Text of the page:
Mary MacCracken writes with honest poignancy in beautiful prose in The Memory of All That: A Love Story about Alzheimer’s as she shares her observations and tribulations of her beloved husband’s journey into dementia. The book’s dedication sets the tone: “For Cal MacCracken, May all know love like ours.” The title is borrowed from George and Ira Gershwin’s song “They Can’t Take That Away from Me”: “The way you wear your hat, the way you sip your tea, the memory of all that, no, no, they can’t take that away from me.” As I read this memoir, I couldn’t stop that tune from bouncing through my mind.
Mary’s husband, Cal, is a brilliant inventor, holder of 80 patents, an athlete, active and dynamic, even for a while after the dreaded diagnosis. They fell in love while both were still married to their first spouses. They had seven children between them, all were mostly in college or beyond by the time Mary and Call married.
The story begins with brief descriptions of their early adulthood accomplishments and progresses to their mutual attraction, marriage several years later, and then the Alzheimer’s diagnosis. At first Cal is determined to beat the disease. Mary wants to believe he can do it. But they soon discover it’s bigger than both of them. They find ways to live with it as long as they can. Language became harder; increasingly he can’t find words and she provides the missing words for him—though often she has no idea what he’s trying to say, and unfinished sentences dangle in thin air.
Cal’s younger son, Mark, works with him at CalMac (still a thriving company in N.J.), and was the first of the adult children to tell Mary, “Something’s going on with Dad.” Then Cal’s oldest daughter, Joan, a medical doctor, tells Mary, after spending Christmas together, “Dad needs to see a neurologist.” Cal is resistive to the idea for many months. A summer walk with his two sons convinces him to follow through with the appointment. A couple months after receiving the diagnosis, Mary invites all their children home for Thanksgiving to inform them together. The news stuns their adult children, though they are all supportive and kind.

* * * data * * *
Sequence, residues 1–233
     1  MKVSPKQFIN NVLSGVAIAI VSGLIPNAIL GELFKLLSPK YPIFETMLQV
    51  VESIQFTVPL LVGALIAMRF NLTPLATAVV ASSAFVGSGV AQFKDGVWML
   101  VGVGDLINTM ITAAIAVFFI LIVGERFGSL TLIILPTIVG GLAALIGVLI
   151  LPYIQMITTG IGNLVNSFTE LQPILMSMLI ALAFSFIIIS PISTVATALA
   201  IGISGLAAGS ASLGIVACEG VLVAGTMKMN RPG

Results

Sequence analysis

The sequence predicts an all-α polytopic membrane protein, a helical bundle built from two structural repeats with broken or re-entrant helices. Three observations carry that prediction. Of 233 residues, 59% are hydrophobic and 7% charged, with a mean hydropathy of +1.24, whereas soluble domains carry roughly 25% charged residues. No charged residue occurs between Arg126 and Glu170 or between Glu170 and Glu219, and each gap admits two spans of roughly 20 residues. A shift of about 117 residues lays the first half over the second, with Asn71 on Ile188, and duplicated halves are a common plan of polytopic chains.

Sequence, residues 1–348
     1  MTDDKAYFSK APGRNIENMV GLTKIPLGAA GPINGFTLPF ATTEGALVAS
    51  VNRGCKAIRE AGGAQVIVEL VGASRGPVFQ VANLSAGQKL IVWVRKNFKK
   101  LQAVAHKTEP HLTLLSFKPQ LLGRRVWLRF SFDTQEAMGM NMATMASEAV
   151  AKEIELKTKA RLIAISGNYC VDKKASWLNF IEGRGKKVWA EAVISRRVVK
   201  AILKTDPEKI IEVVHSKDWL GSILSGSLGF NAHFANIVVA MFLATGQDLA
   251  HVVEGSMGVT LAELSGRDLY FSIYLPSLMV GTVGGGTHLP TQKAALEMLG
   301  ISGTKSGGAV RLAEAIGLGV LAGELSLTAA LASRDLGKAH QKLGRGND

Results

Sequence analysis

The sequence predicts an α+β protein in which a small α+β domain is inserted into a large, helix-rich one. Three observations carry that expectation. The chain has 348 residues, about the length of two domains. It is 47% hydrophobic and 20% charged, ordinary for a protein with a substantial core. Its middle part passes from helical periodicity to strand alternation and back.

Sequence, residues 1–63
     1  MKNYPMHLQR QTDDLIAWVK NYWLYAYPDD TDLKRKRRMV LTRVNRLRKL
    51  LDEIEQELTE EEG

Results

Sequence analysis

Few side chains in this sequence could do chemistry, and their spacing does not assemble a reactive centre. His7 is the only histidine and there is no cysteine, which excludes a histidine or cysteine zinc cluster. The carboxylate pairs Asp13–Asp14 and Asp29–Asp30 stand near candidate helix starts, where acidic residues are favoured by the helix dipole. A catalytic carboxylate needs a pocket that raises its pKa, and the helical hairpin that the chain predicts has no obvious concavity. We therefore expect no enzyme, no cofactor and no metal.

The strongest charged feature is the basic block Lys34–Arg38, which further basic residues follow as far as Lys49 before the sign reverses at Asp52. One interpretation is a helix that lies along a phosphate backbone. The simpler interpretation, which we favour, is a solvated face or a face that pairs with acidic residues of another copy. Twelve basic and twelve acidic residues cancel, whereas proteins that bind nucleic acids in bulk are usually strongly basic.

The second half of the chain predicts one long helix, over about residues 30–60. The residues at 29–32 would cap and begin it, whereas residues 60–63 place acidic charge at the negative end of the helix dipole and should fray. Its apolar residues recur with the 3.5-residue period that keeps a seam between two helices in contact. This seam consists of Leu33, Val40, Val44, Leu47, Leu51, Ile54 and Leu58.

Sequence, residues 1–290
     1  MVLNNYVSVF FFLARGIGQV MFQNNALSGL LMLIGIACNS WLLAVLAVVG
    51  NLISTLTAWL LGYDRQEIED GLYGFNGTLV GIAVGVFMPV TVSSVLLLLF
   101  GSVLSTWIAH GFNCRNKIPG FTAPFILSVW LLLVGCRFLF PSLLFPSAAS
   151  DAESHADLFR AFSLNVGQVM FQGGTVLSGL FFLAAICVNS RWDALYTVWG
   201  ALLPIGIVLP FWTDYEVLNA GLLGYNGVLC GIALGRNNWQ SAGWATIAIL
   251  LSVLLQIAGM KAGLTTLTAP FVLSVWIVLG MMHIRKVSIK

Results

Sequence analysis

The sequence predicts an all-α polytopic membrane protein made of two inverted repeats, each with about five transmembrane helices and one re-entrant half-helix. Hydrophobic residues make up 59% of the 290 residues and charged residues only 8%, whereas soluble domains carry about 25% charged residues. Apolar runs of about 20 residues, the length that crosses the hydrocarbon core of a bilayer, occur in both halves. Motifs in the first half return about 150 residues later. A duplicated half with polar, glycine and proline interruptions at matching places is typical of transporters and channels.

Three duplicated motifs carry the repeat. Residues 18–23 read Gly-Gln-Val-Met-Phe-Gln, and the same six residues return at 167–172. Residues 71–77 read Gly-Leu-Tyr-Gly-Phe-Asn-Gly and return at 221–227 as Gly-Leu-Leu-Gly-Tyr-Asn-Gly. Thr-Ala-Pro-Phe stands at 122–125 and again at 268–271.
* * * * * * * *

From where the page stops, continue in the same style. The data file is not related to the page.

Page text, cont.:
The following New Year’s Eve, Mary and Cal go to a dinner/dance party. It proves to be the last party they attend. Cal is so inappropriate and confused that they must leave early. During the next few months Mary investigates several potential Continuous Care Retirement Communities. Through all this, Cal is still driving despite increasing forgetfulness, increased irritability, and a few fender benders. After Cal crashes their old family car while picking up takeout dinners near their home, Mark tells Cal he is done driving. Mary and Cal finish closing up their family home over that Thanksgiving and Mary makes the final drive to their new home in New Hampshire.
Mary acknowledges her limitations and makes the necessary changes before it is an emergency. It’s a hard road but proper preparations can make it a bit easier. Their children’s visits help make Cal’s final years safer and peaceful for them. A few weeks before Cal dies, he tells Mary, “I am glad to be married to you.” She blinks back tears and replies, “Me, too.” They were married 31 years when he dies.
Threaded throughout the book are reminders that increased behaviors such as short tempers, resistance to change, increased need for constant attention, and loss of speech are not our loved ones, but rather symptoms of Alzheimer’s. Also, the importance for caregivers to ask for and accept help before burning out is emphasized.
I chose to review this memoir to learn more about coping with dementia, and it was a difficult book for me to read since my dear husband also has Alzheimer’s. We still have some good days and many days that are not good; it is truly a horrendous disease. The Memory of All That, though not an easy read emotionally, will help anyone who is dealing with Alzheimer’s as well as anyone who is interested in learning more about the disease and its profound effect on families.